Volatile and light lithophile elements in high-anorthite plagioclase-hosted melt inclusions from Iceland

David A. Neave, Margaret E. Hartley, John Maclennan, Marie Edmonds, Thorvaldur Thordarson

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24 Citations (Scopus)


Melt inclusions formed during the early stages of magmatic evolution trap primitive melt compositions and enable the volatile contents of primary melts and the mantle to be estimated. However, the syn-and post-entrapment behaviour of volatiles in primitive high-anorthite plagioclase-hosted melt inclusions from oceanic basalts remains poorly constrained. To address this deficit, we present volatile and light lithophile element analyses from a well-characterised suite of nine matrix glasses and 102 melt inclusions from the 10 ka Gri'msvotn tephra series (i.e., Saksunarvatn ash) of Iceland's Eastern Volcanic Zone (EVZ). High matrix glass H2O and S contents indicate that eruption-related exsolution was arrested by quenching in a phreatomagmatic setting; Li, B, F and Cl did not exsolve during eruption. The almost uniformly low CO2 content of plagioclase-hosted melt inclusions cannot be explained by either shallow entrapment or the sequestration of CO2 into shrinkage bubbles, suggesting that inclusion CO2 contents were controlled by decrepitation instead. High H2O/Ce values in primitive plagioclase-hosted inclusions (182-823) generally exceed values expected for EVZ primary melts (similar to 180), and can be accounted for by diffusive H2O gain following the entrainment of primitive macrocrysts into evolved and H2O-rich melts a few days before eruption. A strong positive correlation between H2O and Li in plagioclase-hosted inclusions suggests that diffusive Li gain may also have occurred. Extreme F enrichments in primitive plagioclase-hosted inclusions (F/Nd= 51216 versus similar to 15 in matrix glasses) possibly reflect the entrapment of inclusions from high-Al/(Al + Si) melt pools formed by dissolution-crystallisation processes (as indicated by HFSE depletions in some inclusions), and into which F was concentrated by uphill diffusion since F is highly soluble in Al-rich melts. The high S/Dy of primitive inclusions (similar to 300) indicates that primary melts were S-rich in comparison with most oceanic basalts. Cl and B are unfractionated from similarly compatible trace elements, and preserve records of primary melt heterogeneity. Although primitive plagioclase-hosted melt inclusions from the 10 ka Gri'msvotn tephra series record few primary signals in their volatile contents, they nevertheless record information about crustal magma processing that is not captured in olivine-hosted melt inclusions suites.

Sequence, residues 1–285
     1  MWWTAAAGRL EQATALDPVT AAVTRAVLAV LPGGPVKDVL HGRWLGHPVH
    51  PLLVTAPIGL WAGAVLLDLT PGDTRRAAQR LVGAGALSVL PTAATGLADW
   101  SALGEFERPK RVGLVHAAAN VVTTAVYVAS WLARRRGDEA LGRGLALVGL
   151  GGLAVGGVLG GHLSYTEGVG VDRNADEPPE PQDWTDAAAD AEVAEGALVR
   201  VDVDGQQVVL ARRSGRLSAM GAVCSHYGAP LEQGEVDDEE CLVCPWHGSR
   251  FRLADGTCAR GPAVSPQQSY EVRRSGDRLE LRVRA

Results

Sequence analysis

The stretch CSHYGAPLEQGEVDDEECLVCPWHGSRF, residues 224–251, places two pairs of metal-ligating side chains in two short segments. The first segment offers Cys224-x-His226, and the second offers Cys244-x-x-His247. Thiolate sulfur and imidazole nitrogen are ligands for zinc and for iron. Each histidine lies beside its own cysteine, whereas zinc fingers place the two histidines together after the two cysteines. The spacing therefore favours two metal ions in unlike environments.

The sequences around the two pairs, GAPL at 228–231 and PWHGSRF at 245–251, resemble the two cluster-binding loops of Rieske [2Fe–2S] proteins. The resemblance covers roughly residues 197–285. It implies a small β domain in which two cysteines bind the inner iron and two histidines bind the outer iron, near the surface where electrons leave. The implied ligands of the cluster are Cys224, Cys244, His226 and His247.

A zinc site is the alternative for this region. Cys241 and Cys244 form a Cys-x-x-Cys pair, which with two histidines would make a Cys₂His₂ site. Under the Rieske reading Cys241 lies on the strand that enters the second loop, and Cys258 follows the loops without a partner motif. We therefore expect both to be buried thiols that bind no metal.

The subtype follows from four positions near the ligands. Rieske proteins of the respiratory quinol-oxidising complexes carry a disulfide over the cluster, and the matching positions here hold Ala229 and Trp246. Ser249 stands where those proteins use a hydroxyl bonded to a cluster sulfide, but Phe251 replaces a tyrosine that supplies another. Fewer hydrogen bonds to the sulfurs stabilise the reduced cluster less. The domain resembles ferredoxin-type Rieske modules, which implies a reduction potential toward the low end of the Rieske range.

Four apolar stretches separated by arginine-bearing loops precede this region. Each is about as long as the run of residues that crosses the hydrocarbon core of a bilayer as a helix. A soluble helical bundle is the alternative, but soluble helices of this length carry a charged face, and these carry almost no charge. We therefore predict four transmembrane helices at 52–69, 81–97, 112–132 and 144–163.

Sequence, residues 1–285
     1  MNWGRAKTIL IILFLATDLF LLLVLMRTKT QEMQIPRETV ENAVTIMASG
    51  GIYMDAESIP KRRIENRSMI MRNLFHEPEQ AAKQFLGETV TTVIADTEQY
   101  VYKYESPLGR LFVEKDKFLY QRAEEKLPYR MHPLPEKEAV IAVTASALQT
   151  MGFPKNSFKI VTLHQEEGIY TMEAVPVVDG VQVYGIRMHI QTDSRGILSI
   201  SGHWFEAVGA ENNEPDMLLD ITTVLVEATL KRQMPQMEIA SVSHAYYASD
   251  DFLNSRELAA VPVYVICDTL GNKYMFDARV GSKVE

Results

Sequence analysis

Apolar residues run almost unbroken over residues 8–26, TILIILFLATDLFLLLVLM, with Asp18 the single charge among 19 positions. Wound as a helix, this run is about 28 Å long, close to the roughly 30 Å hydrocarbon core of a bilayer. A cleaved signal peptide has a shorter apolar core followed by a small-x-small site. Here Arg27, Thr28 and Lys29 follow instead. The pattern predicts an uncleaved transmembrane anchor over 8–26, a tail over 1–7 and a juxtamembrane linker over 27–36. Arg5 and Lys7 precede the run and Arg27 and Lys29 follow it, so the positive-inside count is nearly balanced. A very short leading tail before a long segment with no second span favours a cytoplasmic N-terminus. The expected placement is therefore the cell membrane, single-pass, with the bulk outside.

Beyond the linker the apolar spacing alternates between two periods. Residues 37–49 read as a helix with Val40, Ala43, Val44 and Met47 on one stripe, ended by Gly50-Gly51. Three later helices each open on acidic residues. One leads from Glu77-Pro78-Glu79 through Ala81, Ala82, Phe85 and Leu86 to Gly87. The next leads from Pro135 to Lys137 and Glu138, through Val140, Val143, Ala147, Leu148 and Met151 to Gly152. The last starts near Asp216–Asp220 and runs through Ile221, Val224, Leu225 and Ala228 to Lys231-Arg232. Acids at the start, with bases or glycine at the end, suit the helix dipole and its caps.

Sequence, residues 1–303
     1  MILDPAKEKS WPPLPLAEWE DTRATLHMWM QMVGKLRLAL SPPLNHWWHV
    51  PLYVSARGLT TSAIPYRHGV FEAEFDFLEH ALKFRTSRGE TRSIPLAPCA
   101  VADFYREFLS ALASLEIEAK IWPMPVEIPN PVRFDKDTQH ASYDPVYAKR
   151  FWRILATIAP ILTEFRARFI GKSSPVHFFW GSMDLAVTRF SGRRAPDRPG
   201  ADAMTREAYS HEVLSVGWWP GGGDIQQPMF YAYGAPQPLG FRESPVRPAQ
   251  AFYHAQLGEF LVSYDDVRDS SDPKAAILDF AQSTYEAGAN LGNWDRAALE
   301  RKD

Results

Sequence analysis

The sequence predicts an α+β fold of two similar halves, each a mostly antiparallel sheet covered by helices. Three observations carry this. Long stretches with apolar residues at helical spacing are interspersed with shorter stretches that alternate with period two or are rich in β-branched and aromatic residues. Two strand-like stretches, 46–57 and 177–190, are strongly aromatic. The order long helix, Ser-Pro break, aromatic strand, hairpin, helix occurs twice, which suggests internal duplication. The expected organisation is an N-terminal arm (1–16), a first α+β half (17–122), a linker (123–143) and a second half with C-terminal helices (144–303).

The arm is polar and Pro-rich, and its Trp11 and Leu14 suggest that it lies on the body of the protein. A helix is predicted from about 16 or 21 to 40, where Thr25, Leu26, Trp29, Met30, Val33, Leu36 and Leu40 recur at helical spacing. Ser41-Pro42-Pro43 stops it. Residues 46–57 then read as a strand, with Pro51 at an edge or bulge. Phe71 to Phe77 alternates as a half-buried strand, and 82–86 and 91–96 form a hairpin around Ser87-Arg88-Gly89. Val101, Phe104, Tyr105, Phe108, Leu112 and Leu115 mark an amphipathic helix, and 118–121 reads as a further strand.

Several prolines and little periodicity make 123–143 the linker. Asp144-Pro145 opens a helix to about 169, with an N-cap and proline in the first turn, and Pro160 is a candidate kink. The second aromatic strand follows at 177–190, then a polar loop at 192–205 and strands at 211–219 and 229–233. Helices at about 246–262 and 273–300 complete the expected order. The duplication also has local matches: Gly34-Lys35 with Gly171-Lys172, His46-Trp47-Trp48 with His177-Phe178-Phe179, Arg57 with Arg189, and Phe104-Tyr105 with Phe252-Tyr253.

Original languageEnglish
Pages (from-to)100-118
JournalGeochimica et Cosmochimica Acta
Publication statusPublished - May 2017

Other keywords

  • Plagioclase-hosted melt inclusions
  • Volatiles
  • Primitive basalt
  • Diffusion
  • Magma mixing
  • Iceland
  • Jarðmöttull
  • Gosefni
  • Basalt
  • Bergkvika


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